I met a client in China last week who was telling me of their success in conducting category management programs with two major multi-national retailers. “The thing is, we’ve been doing this for two years and we ask ourselves, now what? Our partners are supportive but they keep challenging us to come up with something new”. I started reflecting on their options and what guidance to give.
Thinking about the situation, the people I met where in a fortunate situation – first their experience was positive: the retail partners had delivered a reasonable level of implementation (c. 50% – which is great for China); both sales and market share had grown and the retailers remained engaged. Second, buoyed by a positive experience, the company had gone on to invest in deeper research into shopper behavior in broader capability in managing large data sets. The management team I spoke to was convinced that the next step was to secure more category partnerships with key retailers. I’m not so sure, here’s why:
Is extending category partnerships always a good idea?
Working with key retailers is resource hungry: No company has infinite resources and finding good people with the right blend of competencies to steer their way through a major piece of joint-working is difficult. Presumably any business that has a successful relationship with a small group of customers already is likely to want to maintain this. So extending the number of relationships will require more resources or require the existing team to put less focus on existing relationships. The reduced level of focus this inevitably leads to is unlikely to deliver better results than those the team delivered before.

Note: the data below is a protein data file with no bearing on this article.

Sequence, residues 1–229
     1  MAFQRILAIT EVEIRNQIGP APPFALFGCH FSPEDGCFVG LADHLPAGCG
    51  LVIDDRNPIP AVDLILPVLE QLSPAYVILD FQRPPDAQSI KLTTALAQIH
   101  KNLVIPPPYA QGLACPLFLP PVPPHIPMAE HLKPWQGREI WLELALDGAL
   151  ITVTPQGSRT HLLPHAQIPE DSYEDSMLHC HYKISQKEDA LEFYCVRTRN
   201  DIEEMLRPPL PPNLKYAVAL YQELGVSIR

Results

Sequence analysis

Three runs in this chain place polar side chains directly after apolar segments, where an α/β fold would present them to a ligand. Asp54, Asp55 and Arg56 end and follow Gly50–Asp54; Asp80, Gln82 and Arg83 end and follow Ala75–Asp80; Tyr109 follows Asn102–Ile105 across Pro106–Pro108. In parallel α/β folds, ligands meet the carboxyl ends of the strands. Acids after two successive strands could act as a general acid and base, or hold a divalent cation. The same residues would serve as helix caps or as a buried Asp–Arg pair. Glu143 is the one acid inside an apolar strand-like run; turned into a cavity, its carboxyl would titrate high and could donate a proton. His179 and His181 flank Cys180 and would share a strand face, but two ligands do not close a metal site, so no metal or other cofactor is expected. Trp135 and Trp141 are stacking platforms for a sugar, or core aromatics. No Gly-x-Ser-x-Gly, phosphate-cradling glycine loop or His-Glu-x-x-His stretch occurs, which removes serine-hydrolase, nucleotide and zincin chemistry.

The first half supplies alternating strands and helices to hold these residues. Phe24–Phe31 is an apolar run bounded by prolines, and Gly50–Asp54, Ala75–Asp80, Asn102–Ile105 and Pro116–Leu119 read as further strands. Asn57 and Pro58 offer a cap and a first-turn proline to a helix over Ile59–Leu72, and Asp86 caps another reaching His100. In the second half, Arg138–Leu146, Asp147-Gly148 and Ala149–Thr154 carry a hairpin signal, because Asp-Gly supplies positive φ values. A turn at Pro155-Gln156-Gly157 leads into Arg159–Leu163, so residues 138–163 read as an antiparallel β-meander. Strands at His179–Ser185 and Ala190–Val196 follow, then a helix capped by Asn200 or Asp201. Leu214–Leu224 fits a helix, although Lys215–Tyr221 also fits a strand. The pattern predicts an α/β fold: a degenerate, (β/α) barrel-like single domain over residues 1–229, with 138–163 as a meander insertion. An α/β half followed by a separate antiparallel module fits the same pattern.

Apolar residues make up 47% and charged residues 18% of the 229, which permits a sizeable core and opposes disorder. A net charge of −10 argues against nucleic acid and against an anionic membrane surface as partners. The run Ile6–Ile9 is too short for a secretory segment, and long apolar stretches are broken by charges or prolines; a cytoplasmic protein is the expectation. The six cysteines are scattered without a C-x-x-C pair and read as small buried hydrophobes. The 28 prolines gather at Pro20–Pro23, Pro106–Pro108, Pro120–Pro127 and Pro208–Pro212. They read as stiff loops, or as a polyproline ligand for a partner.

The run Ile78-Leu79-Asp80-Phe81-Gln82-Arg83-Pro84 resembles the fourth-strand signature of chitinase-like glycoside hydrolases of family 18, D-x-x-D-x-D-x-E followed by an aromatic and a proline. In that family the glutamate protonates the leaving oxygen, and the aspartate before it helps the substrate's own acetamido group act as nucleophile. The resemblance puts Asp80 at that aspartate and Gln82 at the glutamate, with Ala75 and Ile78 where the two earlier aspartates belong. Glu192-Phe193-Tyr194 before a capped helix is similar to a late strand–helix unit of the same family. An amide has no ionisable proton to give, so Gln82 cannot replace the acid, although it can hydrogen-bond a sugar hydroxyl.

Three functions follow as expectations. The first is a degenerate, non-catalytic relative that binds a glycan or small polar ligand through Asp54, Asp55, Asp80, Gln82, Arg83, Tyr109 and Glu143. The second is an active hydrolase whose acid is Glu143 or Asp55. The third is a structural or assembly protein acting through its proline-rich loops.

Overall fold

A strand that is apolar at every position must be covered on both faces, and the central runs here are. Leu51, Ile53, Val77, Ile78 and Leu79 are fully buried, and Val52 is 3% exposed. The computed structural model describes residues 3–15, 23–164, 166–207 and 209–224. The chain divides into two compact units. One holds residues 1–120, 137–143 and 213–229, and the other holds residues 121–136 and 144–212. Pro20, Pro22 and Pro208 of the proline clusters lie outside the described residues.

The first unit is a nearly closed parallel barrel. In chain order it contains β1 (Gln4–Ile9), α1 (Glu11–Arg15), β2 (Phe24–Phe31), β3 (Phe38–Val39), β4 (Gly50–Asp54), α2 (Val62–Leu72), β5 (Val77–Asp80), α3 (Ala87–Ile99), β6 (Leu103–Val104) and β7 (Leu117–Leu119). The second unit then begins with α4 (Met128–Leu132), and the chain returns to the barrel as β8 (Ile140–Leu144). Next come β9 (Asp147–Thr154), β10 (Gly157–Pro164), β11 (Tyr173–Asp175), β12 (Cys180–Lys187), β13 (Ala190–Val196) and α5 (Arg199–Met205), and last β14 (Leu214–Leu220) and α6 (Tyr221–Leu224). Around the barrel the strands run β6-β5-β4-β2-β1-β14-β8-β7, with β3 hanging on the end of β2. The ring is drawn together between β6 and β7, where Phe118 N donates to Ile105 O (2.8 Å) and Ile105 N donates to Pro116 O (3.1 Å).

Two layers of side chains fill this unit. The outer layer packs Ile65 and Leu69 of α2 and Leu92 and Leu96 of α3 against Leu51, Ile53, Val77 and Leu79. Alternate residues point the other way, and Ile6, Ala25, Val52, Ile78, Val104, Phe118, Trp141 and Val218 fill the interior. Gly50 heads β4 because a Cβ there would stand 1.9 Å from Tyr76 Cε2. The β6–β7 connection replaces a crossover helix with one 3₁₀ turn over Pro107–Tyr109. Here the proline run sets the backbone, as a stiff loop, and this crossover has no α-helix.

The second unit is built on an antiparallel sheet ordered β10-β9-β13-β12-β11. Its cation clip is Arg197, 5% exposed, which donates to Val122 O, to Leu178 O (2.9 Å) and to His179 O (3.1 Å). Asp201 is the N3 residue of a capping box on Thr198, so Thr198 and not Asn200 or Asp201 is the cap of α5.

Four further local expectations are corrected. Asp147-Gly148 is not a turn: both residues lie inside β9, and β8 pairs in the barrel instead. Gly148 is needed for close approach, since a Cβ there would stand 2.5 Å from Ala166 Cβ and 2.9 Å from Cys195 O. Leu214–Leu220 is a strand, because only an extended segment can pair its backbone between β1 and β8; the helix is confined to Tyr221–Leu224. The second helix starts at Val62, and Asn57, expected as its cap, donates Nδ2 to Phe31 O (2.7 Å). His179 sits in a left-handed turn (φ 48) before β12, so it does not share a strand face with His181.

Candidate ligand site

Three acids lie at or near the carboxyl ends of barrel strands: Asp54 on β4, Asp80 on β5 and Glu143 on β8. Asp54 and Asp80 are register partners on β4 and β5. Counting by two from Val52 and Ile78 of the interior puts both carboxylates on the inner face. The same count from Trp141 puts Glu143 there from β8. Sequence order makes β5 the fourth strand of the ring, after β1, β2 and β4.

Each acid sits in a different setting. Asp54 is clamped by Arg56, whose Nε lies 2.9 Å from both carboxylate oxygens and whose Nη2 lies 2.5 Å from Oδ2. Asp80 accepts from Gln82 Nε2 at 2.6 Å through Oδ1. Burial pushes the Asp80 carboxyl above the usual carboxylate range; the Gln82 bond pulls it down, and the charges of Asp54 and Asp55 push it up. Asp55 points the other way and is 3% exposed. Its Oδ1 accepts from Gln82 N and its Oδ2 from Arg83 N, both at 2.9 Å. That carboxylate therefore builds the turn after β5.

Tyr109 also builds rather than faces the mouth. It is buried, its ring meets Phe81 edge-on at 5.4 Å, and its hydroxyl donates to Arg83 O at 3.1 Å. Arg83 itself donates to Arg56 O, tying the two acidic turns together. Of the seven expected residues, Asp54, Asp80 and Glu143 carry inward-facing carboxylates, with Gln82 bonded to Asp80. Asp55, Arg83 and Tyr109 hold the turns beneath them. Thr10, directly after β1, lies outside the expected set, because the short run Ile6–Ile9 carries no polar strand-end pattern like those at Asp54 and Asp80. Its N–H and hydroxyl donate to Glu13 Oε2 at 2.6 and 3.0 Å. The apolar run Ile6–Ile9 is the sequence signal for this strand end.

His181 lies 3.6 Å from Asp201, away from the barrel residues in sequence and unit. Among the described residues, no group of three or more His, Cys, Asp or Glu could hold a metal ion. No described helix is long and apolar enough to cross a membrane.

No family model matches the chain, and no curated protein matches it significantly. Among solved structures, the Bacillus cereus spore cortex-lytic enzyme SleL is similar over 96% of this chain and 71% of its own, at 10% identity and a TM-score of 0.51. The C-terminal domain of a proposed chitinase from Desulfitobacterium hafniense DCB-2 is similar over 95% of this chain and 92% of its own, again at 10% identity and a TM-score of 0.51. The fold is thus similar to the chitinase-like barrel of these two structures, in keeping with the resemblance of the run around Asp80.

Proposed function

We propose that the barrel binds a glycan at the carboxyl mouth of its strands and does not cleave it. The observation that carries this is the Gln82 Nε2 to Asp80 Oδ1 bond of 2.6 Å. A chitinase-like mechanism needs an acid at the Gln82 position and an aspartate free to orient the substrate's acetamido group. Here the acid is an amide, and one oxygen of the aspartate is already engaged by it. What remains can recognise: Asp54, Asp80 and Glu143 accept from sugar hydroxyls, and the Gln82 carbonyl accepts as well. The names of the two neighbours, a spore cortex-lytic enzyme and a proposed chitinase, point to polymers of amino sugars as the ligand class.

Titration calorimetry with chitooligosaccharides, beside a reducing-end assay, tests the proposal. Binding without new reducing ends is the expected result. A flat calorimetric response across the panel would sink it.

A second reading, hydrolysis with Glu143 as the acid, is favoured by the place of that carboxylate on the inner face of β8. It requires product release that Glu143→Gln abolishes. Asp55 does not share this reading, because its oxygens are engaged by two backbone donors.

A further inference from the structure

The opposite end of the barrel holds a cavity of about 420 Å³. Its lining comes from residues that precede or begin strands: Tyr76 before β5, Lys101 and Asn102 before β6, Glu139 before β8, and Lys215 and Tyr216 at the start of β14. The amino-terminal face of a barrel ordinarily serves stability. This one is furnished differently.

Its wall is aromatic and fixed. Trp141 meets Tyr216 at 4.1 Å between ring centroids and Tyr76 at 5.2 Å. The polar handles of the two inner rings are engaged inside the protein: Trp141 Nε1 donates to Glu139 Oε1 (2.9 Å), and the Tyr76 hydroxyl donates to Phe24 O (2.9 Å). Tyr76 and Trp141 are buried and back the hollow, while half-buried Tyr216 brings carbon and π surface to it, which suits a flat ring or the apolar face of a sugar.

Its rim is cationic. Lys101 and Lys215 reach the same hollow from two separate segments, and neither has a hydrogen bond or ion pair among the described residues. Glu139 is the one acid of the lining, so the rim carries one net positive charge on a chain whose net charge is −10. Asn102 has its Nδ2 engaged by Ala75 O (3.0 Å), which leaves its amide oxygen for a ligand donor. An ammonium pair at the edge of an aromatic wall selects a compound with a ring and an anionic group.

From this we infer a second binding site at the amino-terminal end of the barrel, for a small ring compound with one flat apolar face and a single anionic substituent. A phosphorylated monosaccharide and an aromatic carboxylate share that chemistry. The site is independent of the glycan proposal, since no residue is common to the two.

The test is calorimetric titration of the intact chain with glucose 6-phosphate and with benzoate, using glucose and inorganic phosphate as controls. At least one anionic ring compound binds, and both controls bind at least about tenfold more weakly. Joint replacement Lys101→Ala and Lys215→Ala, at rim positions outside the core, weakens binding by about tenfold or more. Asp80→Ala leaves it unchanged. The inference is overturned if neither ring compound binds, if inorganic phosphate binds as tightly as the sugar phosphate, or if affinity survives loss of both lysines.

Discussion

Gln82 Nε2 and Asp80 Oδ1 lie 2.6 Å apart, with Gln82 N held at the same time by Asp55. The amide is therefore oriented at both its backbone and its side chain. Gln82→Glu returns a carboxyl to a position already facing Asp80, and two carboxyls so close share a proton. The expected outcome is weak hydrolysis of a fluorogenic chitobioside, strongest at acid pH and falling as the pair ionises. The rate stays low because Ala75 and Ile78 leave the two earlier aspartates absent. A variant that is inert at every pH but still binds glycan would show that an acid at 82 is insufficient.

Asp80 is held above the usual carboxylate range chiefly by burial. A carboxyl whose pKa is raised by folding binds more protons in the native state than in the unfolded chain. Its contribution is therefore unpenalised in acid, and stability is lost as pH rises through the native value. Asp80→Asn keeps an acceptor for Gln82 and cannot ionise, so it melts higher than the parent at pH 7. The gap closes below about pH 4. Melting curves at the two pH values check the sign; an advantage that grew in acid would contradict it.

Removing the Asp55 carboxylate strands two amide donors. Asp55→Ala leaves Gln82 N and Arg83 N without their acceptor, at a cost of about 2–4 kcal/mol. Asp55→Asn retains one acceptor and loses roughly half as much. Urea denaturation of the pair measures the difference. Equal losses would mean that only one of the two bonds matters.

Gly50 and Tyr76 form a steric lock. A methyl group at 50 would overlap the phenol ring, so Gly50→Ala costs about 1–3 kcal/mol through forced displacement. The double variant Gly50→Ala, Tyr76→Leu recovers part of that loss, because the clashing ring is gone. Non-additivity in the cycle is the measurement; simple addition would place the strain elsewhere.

Category management is not the only way to get things done: The magic of category management is that it’s such a powerful vehicle for common languages and objectives. Successful projects deliver what retailers need: category growth, improvements in category margin and improvements in category efficiency. They also deliver against manufacturer’s goals: increased sales, improvements in market share and better returns on investment. Empowered with two years of learning, data and a proven track record of delivery, my client has a great opportunity to persuade other retailers to make changes in-store without the need for expensive joint-working programs. A more efficient route to getting progress would be to convert all of the understanding the business has into great selling stories, and have the account team drive execution in the traditional way.
Key retailers are not necessarily the biggest priority: In China, key multinational retailers have tended to cluster in grocery supermarket and hypermarket channels. This is the case in many markets globally. It’s often a ‘default setting’ of the CPG industry to assume that big stores=big opportunities. And yet, its these large formats which seem to be most hit by slowing consumption growth – it appears shoppers globally are choosing smaller, more local alternatives and switching gradually to alternative channels (6% of China’s housewives now buy all food online). Further despite the onslaught of the big box, many markets have a thriving independent sector. What if the bigger prizes lay beyond the walls of Tesco and Carrefour? I believe if you have limited resources, they should be focused on the largest prizes, so I’d want to be assured that that was the case.
So what will I advise my client, and indeed anyone with the same questions about category management programs? First, know you priorities. Before extending a category management program make absolutely sure that that the retailers you might work with operate in the channels you would prioritize. A priority channel is one which not only attracts a large volume of shoppers; it is also one where your target shoppers shop and where they can be influenced to buy more. Secondly, review your approach. It is cheaper to persuade a retailer to change using data and insight than it is to conduct category management programs. Insight-based selling should be the default approach to getting things done. Lastly pick your partners carefully: I’m pretty certain most will agree that retailers don’t make great bedfellows. Retailers who implement what is agreed are a good place to start but more is needed for partnerships to work in the long-term. Partnership is two-way, so a great partner doesn’t leave everything to you, they work with you, bringing ideas and concepts to the party. If you are left being challenged to deliver “something new”, perhaps the retailer you are working with isn’t actually your partner at all!
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